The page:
Rob Lennon, senior product marketing manager at creative management
platform PaperG, weighed in on what he thinks marketers will bring to the Super Bowl this year.
Lennon, who handles much of PaperG's thought leadership and
consults on marketing and programmatic strategy, has some predictions for Super Bowl 50. Expect some socially progressive ads, real-time branding opportunities and small advertisers with clever
TV spots will be conservative. Think puppies and babies ads, not scantily clad women. Lennon said it's not news that sex isn't selling at the Super
Bowl, and that the event has shifted from a male-oriented event to a family event. "Most advertisers are celebrating families, workers, something everyone can get behind," Lennon said.
in ads are a different story. Advertisers are figuring out that plenty of women (who are responsible for a lot of household spend) watch the Super Bowl, Lennon said, so expect ads
with good-looking, shirtless guys. "One thing I
have seen is that while it’s unpopular to sexualize the female form, it’s still exciting to do it to the male form," Lennon said, mentioning last year's Skittles ad.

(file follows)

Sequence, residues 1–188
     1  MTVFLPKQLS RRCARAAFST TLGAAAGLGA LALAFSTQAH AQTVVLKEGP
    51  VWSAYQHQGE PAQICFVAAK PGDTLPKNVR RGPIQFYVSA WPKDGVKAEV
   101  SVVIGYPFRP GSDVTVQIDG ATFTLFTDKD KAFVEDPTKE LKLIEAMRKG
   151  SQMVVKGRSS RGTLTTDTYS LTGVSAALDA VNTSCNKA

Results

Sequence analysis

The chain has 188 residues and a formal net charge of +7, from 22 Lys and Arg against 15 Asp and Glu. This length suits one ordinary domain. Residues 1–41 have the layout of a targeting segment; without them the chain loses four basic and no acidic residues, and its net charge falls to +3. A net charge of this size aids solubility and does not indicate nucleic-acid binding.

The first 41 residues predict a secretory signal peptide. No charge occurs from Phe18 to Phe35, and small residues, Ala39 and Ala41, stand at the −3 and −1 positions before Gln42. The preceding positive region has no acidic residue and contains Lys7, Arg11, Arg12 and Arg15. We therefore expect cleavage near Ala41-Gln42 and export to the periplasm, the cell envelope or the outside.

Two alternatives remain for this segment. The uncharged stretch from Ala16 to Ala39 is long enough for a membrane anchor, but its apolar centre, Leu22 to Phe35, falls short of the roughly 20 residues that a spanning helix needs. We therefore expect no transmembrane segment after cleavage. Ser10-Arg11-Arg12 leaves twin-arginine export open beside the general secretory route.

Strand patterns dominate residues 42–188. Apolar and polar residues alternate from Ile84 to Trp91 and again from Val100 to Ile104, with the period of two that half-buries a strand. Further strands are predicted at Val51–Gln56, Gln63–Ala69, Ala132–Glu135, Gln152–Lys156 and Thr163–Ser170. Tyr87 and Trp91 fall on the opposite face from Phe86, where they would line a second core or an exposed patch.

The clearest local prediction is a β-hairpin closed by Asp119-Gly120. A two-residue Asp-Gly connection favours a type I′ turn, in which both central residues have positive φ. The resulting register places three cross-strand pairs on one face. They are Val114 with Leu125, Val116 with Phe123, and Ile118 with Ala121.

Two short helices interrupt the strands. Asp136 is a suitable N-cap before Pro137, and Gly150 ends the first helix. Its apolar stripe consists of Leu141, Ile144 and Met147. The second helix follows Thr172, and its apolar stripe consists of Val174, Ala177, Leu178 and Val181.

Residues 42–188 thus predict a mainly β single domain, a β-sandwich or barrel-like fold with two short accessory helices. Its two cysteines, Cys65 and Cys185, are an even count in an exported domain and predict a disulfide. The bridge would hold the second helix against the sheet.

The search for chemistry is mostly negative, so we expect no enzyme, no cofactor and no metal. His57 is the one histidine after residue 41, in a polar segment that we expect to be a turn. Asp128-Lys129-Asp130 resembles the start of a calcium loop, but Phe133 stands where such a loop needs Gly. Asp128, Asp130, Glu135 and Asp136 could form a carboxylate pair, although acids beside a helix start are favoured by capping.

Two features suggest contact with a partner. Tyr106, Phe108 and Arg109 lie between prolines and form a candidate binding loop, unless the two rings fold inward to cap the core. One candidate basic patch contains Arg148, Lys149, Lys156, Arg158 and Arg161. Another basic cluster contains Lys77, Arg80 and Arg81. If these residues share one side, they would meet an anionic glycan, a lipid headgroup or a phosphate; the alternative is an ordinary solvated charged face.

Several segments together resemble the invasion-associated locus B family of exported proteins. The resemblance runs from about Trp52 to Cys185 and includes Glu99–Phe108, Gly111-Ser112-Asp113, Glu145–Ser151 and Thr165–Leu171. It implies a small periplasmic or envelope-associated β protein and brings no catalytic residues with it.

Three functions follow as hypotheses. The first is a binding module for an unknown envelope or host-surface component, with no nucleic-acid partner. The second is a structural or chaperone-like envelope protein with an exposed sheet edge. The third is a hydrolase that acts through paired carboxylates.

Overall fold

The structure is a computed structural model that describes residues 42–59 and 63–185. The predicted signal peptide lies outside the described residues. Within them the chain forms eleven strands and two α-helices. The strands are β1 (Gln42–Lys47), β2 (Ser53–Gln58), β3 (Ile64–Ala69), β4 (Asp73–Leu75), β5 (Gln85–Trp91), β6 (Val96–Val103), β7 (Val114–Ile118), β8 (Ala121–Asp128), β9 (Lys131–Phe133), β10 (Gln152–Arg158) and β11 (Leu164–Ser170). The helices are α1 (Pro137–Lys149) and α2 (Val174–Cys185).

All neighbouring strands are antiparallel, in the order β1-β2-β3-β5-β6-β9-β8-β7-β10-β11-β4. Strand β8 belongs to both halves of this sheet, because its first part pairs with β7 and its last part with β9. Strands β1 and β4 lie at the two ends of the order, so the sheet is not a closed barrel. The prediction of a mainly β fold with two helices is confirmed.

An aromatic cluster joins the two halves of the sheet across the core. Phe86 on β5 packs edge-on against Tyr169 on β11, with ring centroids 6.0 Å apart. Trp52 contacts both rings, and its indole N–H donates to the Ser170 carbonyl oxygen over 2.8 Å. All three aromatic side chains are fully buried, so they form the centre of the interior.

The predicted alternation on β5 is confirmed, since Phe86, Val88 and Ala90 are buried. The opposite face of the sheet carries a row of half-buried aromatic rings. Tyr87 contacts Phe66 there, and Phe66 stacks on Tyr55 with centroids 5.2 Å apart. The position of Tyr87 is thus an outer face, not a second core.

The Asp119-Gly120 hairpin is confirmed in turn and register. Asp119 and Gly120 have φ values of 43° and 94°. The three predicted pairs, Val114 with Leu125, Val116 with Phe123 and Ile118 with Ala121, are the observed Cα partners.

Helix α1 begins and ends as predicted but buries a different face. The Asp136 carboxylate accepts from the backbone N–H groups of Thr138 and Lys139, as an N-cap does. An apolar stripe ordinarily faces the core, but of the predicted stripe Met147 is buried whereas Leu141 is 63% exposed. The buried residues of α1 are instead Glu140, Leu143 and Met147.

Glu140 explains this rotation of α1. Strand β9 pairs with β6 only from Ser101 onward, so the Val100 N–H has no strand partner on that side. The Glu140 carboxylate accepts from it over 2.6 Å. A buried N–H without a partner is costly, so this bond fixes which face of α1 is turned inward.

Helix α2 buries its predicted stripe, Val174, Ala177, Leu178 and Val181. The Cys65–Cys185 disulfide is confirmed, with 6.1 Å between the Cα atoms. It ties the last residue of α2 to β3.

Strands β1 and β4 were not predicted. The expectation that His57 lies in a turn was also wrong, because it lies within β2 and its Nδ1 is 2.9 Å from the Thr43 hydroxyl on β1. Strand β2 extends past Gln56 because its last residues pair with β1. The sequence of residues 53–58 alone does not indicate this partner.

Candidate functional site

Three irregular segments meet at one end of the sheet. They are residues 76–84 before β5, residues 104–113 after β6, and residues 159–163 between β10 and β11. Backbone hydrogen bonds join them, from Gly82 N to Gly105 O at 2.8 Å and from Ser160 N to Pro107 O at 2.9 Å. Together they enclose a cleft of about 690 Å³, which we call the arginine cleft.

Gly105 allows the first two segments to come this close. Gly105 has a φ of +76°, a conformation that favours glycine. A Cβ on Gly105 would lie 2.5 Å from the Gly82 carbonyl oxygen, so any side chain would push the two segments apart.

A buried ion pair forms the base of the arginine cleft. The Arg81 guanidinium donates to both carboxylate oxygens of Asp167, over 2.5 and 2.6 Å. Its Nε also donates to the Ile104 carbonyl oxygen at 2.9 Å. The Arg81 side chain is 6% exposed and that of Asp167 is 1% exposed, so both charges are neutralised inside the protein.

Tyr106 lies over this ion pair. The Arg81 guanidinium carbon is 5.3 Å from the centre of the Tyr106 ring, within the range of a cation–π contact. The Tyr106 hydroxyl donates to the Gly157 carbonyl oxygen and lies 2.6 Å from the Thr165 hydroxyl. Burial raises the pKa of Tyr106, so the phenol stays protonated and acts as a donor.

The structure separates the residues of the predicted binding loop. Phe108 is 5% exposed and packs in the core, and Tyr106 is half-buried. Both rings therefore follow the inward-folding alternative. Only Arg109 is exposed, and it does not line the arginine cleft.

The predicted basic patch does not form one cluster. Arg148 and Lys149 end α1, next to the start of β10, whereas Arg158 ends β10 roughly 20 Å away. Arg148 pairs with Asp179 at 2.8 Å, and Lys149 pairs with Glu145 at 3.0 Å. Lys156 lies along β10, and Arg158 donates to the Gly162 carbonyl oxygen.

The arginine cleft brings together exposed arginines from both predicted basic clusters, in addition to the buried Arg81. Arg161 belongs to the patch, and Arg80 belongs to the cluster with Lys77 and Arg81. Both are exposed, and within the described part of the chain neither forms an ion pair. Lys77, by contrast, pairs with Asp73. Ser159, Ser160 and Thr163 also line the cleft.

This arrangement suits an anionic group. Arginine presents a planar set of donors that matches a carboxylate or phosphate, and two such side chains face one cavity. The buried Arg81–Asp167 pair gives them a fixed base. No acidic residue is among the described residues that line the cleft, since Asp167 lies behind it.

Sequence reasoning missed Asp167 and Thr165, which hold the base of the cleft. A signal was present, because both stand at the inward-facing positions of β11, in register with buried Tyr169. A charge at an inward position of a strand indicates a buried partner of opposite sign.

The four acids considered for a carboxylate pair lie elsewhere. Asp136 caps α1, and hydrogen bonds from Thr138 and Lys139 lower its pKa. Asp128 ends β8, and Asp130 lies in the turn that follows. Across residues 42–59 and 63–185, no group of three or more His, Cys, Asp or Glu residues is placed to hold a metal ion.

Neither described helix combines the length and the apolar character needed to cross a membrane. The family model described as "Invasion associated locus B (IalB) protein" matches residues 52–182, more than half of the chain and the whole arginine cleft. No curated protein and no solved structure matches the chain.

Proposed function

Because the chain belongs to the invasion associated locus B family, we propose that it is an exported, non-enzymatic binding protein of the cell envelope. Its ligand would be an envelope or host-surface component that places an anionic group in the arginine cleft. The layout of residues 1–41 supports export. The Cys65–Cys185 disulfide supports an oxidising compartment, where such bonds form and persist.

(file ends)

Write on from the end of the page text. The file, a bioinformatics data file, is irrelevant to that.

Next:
Possibly the best
ad-spend ROI is going to come from targeted display and native ads on sports sites that viewers visit for game commentary and information. "The possibilities get very interesting," Lennon said about
using programmatic on sports sites rather than buying a costly Super Bowl TV ad. "Even moderate investments will have a nice payoff here for those who have a great strategy."
Speaking of gender, we’re going to see same-sex couples, Lennon said. Will this be a socially progressive Super Bowl? Lennon
said he thinks a bold brand will do something to generate a little earned media by seizing upon the “what is gender”
moment inspired by public figures such as Caitlyn Jenner or Jaden Smith.
Last year, smaller advertisers picked up unsold commercial
time late in the game at a discount. This year, Lennon said, a couple of small advertisers will probably have a clever creative ready to go. So your favorite ads may be from some unexpectedly small
companies. "There’s a superglue brand, Loctite, that didn’t look super high budget," Lennon said, referring to an ad from last year. "But it kind of won because it was so fun...This is no
Coke or Nissan or any advertiser we’ve seen before."
This year, some
brands will try to steal the show without running a commercial, Lennon said. We’re going to see a lot of real-time, mobile-friendly offers, he added, but most will flop as consumers get tired of
being asked to take action during the game. With plenty of promotions asking viewers to text or Tweet or take their eyes off the game to interact with a brand, Lennon said, only the best will get